The Writing Mamas Daily Blog

Each day on the Writing Mamas Daily Blog, a different member will write about mothering.

If you're a mom then you've said these words, you've made these observations and you've lived these situations - 24/7.

And for that, you are a goddess.

Wednesday, May 09, 2007


Better Late Than Never

It was Friday before Mother’s Day, and I had 30 minutes to find a card, write a note, buy postage, and drop it in the mail. How did this always happen? Being a mother and forgetting your own on our “special day” was like forgetting your twin’s birthday.

I was in the drugstore, scouting the cards by cover, gravitating to the humor section, as usual, when I noticed a black & white message in the sentimental section and picked it up. “Mom, you’ve always been there for me,” it said. I grabbed another: “You always knew just what to say.”

These Hallmark versions described a mother I didn’t have and hadn’t missed until my daughter was born -- a mother who greeted me after school with homemade treats and a hug and questions about my day; a mother who doted on her grandchildren. When my daughter was born, the stark contrast between what I felt as a mother and what I saw in my own mother’s eyes awakened a loss I’d never acknowledged.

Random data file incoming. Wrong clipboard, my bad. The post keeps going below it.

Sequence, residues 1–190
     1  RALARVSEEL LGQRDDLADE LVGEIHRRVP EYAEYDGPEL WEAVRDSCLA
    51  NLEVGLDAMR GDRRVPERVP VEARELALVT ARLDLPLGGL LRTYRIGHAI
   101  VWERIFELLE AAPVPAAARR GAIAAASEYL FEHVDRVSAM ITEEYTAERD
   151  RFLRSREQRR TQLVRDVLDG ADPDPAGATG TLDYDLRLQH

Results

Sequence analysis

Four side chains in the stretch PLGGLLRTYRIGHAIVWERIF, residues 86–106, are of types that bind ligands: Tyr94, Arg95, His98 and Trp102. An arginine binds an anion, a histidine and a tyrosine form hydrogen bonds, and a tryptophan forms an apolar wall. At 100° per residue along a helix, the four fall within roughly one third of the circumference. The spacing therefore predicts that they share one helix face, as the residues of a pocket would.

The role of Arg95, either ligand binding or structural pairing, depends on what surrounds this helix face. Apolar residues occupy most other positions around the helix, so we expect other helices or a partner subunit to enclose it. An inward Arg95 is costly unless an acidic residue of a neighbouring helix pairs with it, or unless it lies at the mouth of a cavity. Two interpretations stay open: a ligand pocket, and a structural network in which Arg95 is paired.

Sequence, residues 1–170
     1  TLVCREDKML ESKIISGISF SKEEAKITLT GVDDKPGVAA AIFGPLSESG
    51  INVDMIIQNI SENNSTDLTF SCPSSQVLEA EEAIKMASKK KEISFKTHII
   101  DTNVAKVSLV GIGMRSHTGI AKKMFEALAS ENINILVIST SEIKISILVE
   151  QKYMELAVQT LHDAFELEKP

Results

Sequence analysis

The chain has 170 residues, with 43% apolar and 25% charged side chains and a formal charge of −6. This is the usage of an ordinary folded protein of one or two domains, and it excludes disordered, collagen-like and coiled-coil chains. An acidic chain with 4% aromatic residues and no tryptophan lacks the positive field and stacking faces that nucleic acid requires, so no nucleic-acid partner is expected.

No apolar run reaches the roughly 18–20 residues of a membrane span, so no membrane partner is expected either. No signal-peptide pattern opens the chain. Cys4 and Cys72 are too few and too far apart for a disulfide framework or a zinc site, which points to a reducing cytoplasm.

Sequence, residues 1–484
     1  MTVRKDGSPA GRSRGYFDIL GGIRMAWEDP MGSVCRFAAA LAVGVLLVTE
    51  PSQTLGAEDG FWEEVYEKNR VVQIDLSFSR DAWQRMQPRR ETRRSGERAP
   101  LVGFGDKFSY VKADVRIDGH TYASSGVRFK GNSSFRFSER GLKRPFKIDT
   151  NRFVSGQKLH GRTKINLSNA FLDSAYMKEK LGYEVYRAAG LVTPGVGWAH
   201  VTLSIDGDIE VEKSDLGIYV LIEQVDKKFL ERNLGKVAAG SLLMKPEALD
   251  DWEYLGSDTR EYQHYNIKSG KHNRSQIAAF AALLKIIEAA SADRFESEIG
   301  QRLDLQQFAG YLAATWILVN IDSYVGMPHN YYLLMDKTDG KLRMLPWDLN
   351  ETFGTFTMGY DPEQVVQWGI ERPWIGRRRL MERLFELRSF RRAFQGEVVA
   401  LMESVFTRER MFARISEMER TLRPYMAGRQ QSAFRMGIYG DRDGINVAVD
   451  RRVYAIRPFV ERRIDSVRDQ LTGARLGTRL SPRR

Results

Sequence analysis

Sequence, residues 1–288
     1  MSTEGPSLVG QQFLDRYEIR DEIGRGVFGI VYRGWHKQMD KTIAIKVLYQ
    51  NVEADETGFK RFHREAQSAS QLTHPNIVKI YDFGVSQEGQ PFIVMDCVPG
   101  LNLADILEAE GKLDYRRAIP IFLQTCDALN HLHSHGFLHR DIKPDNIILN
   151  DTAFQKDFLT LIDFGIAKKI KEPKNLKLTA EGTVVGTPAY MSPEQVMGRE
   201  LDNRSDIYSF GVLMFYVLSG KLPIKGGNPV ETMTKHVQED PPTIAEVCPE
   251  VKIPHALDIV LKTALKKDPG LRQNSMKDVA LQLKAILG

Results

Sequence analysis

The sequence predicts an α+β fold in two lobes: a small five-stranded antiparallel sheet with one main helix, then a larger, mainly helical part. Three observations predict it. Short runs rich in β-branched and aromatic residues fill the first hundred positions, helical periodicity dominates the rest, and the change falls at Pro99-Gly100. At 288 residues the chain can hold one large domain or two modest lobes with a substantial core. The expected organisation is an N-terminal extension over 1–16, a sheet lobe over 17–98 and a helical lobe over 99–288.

But the loss I felt wasn’t for me; it was for her.

I’d shrugged off Mom’s forgetfulness over our birthdays and stopped taking it personally that she and Dad didn’t visit more often. She thought we lived too much for the kids; that our schedules were too intensely wrapped around soccer and Little League and dance troupe. Mom and I talked regularly – monthly -- avoiding politics in favor of food: new discoveries in salmon or Dad’s barbeque conquests.

Standing in the aisle, I felt the heat rise to my eyes, shocked at the ferocity of emotions that didn’t have the decency to wait until I was alone. I was almost out the store’s back door when I noticed I was still holding a card. The familiar face behind the checkout counter reached over to scan it, and I handed her a five, stifling my sniffle.

Inside the car, I pulled my purchase out of the brown paper bag: “For my best friend.” I couldn’t send this; she’d know it wasn’t true. I’d buy another card tomorrow, after soccer. It wouldn’t arrive by Sunday, but I figured sincerity was better late than never.

By Kimberley Kwok

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